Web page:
I’m still re-starting my exercise plan, and I have the luxury of taking it slow. I’m listening to my body more than ever, and I don’t have anything to prove to anyone but myself. While I was angry that I let an app tell me how much to lift (I’ve fixed that), I was angrier at myself that I didn’t question the weight increase.
I have reset the app completely, and my weights for lifting tomorrow will be where I need/want them to be: light. After my weightlifting, I’ll go out for a 2+ mile run. If I feel good, I’ll go for the “Plus;” otherwise, I’ll stop at 2. I’m not wanting to overdo it.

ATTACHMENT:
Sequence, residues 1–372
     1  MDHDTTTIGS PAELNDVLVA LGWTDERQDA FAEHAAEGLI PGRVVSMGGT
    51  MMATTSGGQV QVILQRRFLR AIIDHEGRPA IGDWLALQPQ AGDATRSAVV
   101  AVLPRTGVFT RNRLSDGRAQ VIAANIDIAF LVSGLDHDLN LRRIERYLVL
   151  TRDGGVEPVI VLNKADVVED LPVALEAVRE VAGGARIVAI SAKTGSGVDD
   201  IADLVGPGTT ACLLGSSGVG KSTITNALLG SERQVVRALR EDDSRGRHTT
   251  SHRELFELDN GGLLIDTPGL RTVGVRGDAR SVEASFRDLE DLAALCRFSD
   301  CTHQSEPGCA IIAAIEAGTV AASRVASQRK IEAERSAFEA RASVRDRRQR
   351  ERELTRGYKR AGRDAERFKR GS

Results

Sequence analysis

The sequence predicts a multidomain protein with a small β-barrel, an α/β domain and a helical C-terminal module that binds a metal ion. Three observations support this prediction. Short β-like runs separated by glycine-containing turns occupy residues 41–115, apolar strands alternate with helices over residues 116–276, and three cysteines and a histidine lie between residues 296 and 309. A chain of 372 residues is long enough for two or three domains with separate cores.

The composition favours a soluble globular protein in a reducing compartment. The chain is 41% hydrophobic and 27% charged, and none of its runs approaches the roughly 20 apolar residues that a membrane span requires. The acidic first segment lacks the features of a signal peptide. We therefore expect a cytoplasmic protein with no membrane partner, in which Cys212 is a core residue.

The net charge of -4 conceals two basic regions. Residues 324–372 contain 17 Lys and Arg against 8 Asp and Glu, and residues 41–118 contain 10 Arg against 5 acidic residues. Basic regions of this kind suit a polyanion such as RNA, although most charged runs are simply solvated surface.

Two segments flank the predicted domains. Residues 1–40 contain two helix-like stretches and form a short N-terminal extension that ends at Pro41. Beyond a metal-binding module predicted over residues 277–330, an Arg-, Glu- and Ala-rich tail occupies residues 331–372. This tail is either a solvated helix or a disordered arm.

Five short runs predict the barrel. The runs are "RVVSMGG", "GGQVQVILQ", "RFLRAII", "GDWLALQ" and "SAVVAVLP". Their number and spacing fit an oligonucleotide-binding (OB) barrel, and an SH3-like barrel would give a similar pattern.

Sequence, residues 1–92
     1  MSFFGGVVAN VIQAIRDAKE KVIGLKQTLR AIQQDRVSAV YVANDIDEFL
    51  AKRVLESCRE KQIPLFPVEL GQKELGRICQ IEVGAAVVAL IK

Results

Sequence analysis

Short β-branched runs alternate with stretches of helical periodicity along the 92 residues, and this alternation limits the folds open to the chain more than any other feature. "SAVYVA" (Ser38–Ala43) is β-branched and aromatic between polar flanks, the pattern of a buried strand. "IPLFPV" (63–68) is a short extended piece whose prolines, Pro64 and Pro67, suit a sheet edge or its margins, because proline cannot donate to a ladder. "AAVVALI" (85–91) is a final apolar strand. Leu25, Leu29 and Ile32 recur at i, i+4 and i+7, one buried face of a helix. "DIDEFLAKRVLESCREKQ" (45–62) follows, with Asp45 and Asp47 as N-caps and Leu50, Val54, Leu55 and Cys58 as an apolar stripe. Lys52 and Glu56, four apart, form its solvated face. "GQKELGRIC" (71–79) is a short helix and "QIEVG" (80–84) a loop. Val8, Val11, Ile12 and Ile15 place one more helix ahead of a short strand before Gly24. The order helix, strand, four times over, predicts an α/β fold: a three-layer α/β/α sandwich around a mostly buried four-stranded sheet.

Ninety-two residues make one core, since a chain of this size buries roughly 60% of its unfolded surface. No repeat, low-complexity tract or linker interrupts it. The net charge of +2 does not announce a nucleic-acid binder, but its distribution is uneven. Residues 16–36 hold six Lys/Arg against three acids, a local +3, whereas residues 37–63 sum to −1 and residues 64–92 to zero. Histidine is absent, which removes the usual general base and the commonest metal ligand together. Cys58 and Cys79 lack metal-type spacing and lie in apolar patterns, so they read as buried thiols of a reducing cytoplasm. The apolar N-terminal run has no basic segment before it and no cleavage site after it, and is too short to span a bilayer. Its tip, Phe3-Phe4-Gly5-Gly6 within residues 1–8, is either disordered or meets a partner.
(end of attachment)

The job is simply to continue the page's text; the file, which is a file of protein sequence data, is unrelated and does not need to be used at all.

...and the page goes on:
When I first started my exercise and fitness plan six years ago, I got into it slowly. Even with that slow start, within three months, I was doing really well; running fast, doing 120 push-ups within two minutes, and I generally felt great. Once I added weightlifting, I got much stronger, and daily tasks became much easier. I’m hoping for the same results with the same plan: start slow, have good rest periods between workouts, and continue deliberate progress.
So, while it didn’t go as planned, it at least got started. That is always the hardest part, and now, I have momentum. I am actually looking forward to tomorrow’s workout which is, in and of itself, a great victory.
It has become readily apparent to me that it’s time to buckle down, tighten the screws, and get back to eating healthy and exercising without anymore excuses. I’ve allowed far too much alcohol into my diet as well as making sketchy food decisions while drinking.